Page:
Start all over again - what would it be like? The spirit of adventure and enthusiasm brought many men to the Bodie Hills east of the Sierra Nevada mountain range in Mono County. For over 50 years, adventurers chased a dream of instant wealth during the California Gold Rush. They moved from town to town as the gold ran out. The promise of new richness was just behind the next mountain.
Gold seeker W.S. Bodey discovered one of the richest gold strikes in 1859. He perished several months later in a blizzard while making a supply trip, never getting to see the rise of the town that was named after him. Bodie became a thriving mining town in 1877, after the standard company discovered a profitable deposit of gold-bearing ore. From 1877 to 1888, the community grew to nearly 10,000 residents and produced over $35 million in gold and silver. At its peak, Bodie had more than 2,000 buildings and more than 60 saloons and gambling halls lined the Main Street. Bodie claimed 18 lodging houses and hotels, three breweries, more than half-dozen markets, restaurants, two banks, newspapers, a school, a petrol station, a railway, a post office and a telegraph line to Bridgeport and Genoa, Nevada.
Once Bodie was notorious as the most lawless and toughest gold mining town in the West. The gold attracted business and professional men like mine operators, miners and merchants, as well as bad men and outlaws. Murders, shootouts, barroom brawls, robberies and stage holdups occurred frequently and contributed to its reputation of violence. Bodie had an opium dens in Chinatown and a red-light district. Reverend F.M. Warrington describes the town as "A sea of sin, lashed by the tempests of lust and passion."
Bodie is also known for extreme harsh and unpredictable weather conditions, which are due to the high altitude (8,400 feet /72,600 meters) and the very exposed plateau. Winds can sweep across the valley with more than 100 miles per hour (160 km/h). Bodie has dry summers with very warm days and extremely cold nights. In winter, temperatures often drop below 0F (−18 °C). Since there is no forestland in the area, lumber had to be imported to Bodie. Plenty of firewood was needed to keep residents warm through the long winters. The winter of 1878/79 was particularly severe and claimed the lives of many residents.
Bodie turned into a ghost town once the gold ran out. In 1881 the rich mines were depleted and people moved to other prosperous strikes in Montana, Arizona and Utah. By 1886, the population dropped to approximately 1,500 people. The invention of the cyanide process in the 1890s, and the use of electricity as a source of cheap power, made mining profitable again. The Standard Company built its own hydroelectric plant approximately 13 miles away at Dynamo Pond, which was the first transmission of electricity over a long distance in the country. But Bodie only enjoyed a short revival – A large fire in 1892, and a second fire in 1932, caused by a two and a half years old boy playing with matches, destroyed 90 percent of the town. A few residents stayed until the 1940s, waiting for the next big gold strike. The last mine closed in 1942. Today it is silent and dead. It looks like everybody just picked up and left town.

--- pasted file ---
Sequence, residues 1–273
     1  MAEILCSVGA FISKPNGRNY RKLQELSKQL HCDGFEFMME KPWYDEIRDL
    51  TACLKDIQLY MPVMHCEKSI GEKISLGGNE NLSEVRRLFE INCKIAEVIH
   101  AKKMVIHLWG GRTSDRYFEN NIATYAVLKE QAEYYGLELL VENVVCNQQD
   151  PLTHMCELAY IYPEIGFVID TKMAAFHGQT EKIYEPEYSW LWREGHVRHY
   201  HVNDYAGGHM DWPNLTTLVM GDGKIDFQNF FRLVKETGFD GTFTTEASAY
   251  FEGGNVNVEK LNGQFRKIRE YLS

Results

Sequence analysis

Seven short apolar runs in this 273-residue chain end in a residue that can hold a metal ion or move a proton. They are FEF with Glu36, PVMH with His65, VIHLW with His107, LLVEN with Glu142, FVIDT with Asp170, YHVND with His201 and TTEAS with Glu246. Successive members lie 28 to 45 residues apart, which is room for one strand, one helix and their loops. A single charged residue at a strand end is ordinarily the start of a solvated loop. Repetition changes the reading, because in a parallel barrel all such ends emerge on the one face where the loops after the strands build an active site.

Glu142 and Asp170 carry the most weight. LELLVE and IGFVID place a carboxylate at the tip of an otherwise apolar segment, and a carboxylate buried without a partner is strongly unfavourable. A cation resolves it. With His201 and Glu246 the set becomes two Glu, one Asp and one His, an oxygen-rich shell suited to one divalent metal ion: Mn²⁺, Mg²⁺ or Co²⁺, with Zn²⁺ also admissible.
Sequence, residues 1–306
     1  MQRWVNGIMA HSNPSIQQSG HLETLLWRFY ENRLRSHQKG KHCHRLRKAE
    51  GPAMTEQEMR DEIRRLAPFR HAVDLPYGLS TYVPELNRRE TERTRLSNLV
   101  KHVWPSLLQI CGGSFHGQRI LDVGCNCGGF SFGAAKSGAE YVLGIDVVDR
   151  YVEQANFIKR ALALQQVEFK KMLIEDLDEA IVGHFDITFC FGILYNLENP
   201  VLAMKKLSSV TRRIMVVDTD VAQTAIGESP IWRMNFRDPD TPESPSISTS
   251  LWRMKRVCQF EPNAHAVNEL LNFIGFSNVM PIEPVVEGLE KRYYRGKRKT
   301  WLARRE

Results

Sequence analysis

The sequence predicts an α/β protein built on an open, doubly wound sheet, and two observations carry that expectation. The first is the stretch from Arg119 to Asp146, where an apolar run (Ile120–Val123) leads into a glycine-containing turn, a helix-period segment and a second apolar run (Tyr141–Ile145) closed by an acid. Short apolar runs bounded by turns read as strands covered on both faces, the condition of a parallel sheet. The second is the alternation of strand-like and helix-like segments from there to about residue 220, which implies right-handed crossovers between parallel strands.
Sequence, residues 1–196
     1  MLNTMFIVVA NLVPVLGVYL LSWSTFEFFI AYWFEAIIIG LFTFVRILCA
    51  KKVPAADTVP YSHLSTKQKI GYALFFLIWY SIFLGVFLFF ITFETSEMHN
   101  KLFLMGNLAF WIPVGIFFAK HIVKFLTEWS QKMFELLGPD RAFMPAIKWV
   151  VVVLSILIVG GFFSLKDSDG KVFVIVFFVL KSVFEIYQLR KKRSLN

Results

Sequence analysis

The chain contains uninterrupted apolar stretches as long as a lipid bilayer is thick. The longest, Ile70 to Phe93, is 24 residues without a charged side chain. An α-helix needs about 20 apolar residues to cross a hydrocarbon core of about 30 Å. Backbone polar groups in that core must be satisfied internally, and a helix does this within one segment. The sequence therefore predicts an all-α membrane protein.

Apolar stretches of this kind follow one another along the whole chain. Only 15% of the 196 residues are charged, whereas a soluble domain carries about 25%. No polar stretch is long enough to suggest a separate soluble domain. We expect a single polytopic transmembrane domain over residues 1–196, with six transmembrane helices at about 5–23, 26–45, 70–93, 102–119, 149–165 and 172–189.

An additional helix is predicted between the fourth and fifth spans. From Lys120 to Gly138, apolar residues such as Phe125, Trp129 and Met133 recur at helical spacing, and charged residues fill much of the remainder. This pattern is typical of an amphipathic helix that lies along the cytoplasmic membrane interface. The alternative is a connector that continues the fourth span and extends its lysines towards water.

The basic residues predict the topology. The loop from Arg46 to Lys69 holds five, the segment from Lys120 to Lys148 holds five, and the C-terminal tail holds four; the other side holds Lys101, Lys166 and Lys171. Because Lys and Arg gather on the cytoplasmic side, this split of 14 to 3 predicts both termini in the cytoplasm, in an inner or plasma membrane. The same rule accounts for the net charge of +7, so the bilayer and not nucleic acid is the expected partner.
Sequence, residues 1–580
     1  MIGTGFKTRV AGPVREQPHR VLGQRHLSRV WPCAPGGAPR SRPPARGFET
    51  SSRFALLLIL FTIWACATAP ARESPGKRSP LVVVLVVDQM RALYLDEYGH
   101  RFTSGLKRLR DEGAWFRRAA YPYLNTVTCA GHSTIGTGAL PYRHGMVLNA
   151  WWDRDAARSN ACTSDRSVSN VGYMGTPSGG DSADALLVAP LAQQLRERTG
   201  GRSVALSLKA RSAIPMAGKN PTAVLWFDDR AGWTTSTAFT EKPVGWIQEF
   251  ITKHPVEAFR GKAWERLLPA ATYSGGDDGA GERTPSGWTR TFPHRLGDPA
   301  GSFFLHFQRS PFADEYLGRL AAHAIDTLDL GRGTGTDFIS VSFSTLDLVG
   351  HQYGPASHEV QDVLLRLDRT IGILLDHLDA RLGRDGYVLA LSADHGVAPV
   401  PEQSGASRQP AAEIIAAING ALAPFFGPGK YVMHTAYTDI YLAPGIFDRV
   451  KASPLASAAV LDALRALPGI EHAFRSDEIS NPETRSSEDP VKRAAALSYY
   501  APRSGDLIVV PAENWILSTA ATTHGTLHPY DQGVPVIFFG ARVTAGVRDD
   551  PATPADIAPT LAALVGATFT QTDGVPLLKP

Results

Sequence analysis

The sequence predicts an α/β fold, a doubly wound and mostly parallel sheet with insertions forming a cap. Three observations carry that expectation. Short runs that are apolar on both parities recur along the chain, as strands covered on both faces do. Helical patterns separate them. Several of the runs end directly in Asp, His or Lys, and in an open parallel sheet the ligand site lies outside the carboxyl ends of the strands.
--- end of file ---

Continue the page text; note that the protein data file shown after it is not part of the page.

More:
Most of the building have fallen victim to time, fire and elements. Only a small part of the town with about 110 structures, including one of many once-operational gold mills, survived. Walking through the deserted streets, it almost feels like you are transported back to the past. The doors are locked, but you can look into the windows of the homes, businesses and saloons. Interiors have furniture, heater and curtains on the windows. The general store down the street from the church is stocked with goods, brought to town from as far as San Francisco. Ghirardelli chocolate boxes and other items are sitting in the shelves. Looking into the schoolhouse windows, you see a world globe and books covered with dust. Maps are hanging limp on the wall. It looks as if the students simply stepped out for a break and never returned. Bodie is preserved in a state of “arrested decay”. The buildings are maintained by the State Park, but only to the extent that they will not be allowed to fall over or otherwise deteriorate in a major way.
Bodie was the last of the old California mining towns – but its stories live on. They began in the newspapers and became legends like the “Bad Man of Bodie”. Outlaws like Tom Adams and Washoe Pete contributed to the Wild West atmosphere and the movies at the turn of the century continued the stories. Today the streets of Bodie are empty – Streets where gunslingers once had their showdowns, and where fortune were won and lost with a single turn of a card.